Rack Plating

What is Rack Plating?

Rack PlatingRack plating helps with complex electroplating jobs or delicate workloads that are incompatible with the barrel plating method. During this procedure, mounting objects on fixtures, or “racks”, and lowering them into a solution gives them even exposure to a plating current. Parts suited for the plating rack’s design must be taken into consideration.

Length – This dimension is the distance from the cathode bar to the bottom of the rack. Correct length is essential for a more uniformed finish and although each plating project is different, the rack should be several inches above the bottom of the tank while objects being plated should be held at least two inches below the tank’s surface.

Width – This dimension will vary considerably, but is also important. Improper width may damage a rack due to automation jams and slow production.

Thickness – This dimension is important because there must be enough room between the anodes for the holding of parts. In addition, for manual racks, thickness will affect an employee’s ability to move racks from tank to tank.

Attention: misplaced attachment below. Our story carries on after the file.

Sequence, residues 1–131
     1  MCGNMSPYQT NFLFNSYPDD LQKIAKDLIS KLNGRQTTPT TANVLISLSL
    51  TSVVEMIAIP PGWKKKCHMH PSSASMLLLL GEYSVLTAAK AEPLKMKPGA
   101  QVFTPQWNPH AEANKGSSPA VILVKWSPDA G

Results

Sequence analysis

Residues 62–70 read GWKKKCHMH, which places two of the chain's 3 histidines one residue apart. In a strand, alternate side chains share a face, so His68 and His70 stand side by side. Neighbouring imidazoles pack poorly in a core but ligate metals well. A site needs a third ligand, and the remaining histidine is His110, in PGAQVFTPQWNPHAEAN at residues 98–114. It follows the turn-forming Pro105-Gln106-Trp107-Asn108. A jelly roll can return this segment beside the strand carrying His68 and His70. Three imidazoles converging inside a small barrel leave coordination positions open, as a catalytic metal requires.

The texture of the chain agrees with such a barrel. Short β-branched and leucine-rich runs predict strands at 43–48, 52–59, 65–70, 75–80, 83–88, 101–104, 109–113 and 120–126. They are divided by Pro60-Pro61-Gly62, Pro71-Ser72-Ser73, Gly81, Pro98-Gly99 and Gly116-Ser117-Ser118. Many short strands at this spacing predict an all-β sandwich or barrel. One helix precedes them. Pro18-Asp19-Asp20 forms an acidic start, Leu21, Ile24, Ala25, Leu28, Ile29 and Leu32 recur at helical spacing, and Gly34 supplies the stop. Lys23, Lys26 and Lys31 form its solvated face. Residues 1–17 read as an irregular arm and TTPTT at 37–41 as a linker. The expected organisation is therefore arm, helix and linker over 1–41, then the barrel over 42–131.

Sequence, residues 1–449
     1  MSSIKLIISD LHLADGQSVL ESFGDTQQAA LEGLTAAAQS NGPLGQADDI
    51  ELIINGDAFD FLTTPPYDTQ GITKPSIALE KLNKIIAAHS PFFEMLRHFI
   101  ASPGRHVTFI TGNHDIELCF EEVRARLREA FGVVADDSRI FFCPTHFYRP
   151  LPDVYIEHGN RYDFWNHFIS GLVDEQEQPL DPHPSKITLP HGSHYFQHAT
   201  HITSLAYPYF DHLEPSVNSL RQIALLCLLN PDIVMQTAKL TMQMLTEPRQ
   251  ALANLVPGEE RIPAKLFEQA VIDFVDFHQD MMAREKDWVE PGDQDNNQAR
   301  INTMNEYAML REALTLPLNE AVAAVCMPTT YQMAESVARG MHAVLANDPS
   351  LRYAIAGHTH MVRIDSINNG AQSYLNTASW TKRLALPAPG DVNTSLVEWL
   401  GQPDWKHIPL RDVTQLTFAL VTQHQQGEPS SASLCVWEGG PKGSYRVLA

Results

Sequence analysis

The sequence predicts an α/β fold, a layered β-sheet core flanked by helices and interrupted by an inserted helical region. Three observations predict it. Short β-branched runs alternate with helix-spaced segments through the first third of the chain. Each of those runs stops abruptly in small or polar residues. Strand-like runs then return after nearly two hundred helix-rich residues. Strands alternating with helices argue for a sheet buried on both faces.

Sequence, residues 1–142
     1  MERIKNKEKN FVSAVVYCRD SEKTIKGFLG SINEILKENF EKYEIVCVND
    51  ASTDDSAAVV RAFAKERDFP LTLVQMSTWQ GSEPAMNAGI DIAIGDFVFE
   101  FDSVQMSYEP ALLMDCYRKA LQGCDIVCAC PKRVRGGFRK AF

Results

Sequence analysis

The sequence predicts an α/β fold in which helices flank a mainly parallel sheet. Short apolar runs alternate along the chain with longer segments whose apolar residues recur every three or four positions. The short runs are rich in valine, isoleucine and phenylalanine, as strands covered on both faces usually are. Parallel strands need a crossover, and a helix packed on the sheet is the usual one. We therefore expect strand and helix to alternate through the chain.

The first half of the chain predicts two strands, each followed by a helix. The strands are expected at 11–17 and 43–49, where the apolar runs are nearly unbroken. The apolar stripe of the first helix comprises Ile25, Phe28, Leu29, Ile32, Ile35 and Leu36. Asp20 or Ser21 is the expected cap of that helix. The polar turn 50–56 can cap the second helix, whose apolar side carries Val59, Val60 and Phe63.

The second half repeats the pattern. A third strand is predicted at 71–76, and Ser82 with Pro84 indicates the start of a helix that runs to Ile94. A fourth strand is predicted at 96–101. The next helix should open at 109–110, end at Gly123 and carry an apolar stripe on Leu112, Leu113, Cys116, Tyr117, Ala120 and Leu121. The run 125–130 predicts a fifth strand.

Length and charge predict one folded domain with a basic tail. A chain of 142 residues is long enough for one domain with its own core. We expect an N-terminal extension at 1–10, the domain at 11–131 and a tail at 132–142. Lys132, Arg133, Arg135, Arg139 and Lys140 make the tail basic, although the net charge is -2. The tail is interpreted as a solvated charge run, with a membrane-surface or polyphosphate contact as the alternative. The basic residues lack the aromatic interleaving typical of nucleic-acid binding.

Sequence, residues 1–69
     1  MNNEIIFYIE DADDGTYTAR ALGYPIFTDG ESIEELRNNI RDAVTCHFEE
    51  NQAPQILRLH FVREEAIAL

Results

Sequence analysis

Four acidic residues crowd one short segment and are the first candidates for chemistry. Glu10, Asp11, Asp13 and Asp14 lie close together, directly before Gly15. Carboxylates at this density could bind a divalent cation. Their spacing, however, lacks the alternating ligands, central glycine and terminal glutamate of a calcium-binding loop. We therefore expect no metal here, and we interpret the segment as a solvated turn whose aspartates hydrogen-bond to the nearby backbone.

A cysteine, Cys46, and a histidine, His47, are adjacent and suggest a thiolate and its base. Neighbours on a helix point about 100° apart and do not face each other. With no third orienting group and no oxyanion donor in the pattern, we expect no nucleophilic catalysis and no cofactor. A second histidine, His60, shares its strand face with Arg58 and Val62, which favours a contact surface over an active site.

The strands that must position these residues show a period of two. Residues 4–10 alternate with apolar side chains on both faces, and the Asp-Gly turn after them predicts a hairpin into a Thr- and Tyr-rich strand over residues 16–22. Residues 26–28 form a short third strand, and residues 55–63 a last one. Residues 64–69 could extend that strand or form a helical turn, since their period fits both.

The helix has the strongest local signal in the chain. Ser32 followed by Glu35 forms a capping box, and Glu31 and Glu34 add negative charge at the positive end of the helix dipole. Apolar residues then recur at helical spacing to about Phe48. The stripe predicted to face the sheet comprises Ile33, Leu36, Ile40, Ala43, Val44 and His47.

Benefits and Considerations:

As stated above, rack plating can be an effective method for electroplating large or complex objects that may not fit or tumble well with a barrel plating workload. In addition, is very unlikely for damage to occur during the process, so fragile objects are also a great candidate for rack plating. However, it is important to note that rack plating is a more labor intensive procedure which typically costs more money. In addition, due to variable currents within a plate bath, uniformity of the plate layer is harder to achieve.

If you are unsure of which plating method is best for you, give us a call at (314) 776-0542 and our metal plating professionals will be happy to provide you with advice.


Heimke, Steen. “Fundamentals of Plating Rack Design.” Metal Finishing 105.10 (2007): 614-23. Web. 4 Aug. 2015.